• Thinking aloud: Start with one idea and see where the conversation takes you.

You can create a strong statement by tapping into the power of collaboration and ideation.

“A good rule of thumb is to never work alone without feedback. You want your UVP to resonate with the largest group of people, so it will generally go through several iterations until you’ve refined it to just the right key components that appeal to the widest audience,” Aranyosi explains. “This should also be done while keeping your target audience in mind; i.e., you’re looking for that common space between your product/service and audience that puts them both in the best possible light.”

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The importance of mission, vision and values for business strategy

Identify customers’ problems and pain points

You’ve been a customer, so you know from personal experience that when selecting a product or service, customers are looking for solutions to their problems. Therefore, you must understand your audience’s pain points and how to address them. Ask yourself questions like::

  • Am I fulfilling a need?
  • What are my customers’ biggest problems?
  • How can I help them find the answers they’re looking for?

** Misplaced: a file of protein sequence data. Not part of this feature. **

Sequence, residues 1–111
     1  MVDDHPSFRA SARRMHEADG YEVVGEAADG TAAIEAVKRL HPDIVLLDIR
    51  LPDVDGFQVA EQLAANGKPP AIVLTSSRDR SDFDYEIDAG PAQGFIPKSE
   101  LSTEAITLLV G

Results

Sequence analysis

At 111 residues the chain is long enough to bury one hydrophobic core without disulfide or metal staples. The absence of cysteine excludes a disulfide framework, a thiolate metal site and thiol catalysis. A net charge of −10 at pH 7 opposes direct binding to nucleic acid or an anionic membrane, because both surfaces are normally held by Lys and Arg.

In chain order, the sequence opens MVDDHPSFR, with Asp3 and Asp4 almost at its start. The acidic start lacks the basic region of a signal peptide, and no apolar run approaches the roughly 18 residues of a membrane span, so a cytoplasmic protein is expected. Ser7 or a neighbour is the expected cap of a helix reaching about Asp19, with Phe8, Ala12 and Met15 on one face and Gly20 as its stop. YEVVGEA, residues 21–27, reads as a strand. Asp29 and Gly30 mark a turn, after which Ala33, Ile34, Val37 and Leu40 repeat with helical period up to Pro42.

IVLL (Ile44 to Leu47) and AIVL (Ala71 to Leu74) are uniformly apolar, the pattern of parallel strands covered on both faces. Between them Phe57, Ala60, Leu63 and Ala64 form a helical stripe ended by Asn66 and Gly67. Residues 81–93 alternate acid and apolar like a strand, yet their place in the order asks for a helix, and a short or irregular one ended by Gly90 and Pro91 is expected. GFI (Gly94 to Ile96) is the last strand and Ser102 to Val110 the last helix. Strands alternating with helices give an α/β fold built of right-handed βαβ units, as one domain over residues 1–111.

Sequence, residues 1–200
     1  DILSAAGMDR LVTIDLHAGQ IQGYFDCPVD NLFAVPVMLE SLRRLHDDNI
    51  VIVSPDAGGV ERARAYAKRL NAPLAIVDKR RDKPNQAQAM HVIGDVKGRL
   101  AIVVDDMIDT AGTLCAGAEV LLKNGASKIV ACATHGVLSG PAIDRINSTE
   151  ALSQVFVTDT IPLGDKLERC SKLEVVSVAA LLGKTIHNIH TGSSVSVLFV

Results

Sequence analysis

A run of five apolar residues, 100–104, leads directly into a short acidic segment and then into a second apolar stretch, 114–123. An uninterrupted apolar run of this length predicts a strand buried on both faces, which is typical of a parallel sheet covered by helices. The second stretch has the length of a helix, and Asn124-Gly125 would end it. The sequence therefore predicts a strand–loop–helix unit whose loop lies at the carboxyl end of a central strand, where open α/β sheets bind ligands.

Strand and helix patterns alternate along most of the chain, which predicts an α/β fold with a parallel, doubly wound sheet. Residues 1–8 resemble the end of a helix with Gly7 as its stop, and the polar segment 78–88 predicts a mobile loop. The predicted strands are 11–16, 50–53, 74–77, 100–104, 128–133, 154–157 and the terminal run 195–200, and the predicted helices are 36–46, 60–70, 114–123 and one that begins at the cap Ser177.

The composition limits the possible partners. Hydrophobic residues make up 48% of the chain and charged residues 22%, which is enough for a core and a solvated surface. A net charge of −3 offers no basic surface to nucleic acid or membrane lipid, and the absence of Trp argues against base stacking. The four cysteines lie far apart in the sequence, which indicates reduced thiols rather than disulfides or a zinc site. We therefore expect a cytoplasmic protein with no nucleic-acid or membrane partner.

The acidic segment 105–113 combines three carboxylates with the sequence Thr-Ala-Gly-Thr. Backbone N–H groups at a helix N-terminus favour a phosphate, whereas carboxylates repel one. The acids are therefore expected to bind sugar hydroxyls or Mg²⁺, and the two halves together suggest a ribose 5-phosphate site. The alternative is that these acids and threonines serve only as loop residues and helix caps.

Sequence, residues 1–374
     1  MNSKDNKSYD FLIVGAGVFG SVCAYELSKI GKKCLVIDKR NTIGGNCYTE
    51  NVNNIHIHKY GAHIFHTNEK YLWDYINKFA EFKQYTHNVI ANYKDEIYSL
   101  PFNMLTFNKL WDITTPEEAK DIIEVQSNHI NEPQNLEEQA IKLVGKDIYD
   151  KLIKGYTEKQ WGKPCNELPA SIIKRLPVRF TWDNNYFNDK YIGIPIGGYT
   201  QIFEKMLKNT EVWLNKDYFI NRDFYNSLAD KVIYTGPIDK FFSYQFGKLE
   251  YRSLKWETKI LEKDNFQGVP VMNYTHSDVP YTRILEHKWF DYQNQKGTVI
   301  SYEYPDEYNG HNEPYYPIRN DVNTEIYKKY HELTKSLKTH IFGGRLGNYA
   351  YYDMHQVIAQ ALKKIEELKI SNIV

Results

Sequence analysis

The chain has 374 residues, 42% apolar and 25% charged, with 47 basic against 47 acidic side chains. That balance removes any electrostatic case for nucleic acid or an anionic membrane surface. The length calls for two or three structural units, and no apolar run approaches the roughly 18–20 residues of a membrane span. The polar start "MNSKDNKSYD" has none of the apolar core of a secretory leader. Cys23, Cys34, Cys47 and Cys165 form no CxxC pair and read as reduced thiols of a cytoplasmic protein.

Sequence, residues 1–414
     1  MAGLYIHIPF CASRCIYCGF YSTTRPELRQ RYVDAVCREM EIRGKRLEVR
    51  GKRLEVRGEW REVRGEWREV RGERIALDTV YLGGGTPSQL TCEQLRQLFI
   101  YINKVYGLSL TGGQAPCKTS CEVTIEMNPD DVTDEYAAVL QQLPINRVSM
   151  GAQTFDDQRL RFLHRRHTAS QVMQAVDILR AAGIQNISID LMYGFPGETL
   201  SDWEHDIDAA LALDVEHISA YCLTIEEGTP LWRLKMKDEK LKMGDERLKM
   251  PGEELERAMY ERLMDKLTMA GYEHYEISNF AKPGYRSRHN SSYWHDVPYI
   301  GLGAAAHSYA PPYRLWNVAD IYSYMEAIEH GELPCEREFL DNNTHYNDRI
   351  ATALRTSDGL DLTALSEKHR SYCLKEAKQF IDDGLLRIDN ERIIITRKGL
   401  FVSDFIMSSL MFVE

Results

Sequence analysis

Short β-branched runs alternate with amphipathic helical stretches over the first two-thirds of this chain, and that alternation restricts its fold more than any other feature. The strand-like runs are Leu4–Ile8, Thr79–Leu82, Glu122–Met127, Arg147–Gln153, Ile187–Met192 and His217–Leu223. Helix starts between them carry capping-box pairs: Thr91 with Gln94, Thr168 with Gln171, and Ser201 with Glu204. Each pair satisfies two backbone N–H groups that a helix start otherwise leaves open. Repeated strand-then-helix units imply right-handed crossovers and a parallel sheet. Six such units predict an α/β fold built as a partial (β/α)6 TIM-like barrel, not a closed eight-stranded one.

Think about what led you to create the product or service in the first place and use that to craft a value proposition that truly resonates.

Identify your specific differentiators 

It all boils down to identifying and communicating the value of your offer. Sure, features are important, but “high-tech” and “innovative” don’t mean anything if customers can’t see how those features will solve their problems. Consider the following:

  • Your value proposition should highlight the problems your product solves and explain the positive outcomes customers can expect.
  • Your value proposition should explain in simple terms how it works.
  • Your value proposition should describe unique benefits or find new ways to explain familiar ones.
  • Your marketing team should get feedback and measure results to ensure your value proposition is hitting its mark.

If there’s no clear benefit, your value proposition will fail to generate customer interest.

Describe how your offer is valuable

Your value proposition should describe your brand’s differentiators in a context that illustrates to customers why what you’re selling is worth their time, money or attention.

For example, instead of saying “We offer the highest quality,” try something like, “Our products exceed industry standards and come with a satisfaction guarantee.” Your value proposition should clarify how what you’re selling is tailored to customers’ needs.

Connect value with your customers’ issues

When your value proposition connects your product’s or service’s value to customers’ issues, you incentivize them to purchase. For example: “Our ecofriendly, reusable water bottles are leak-proof and easy to use — so you can reduce your plastic consumption and feel good about your daily hydration routine.”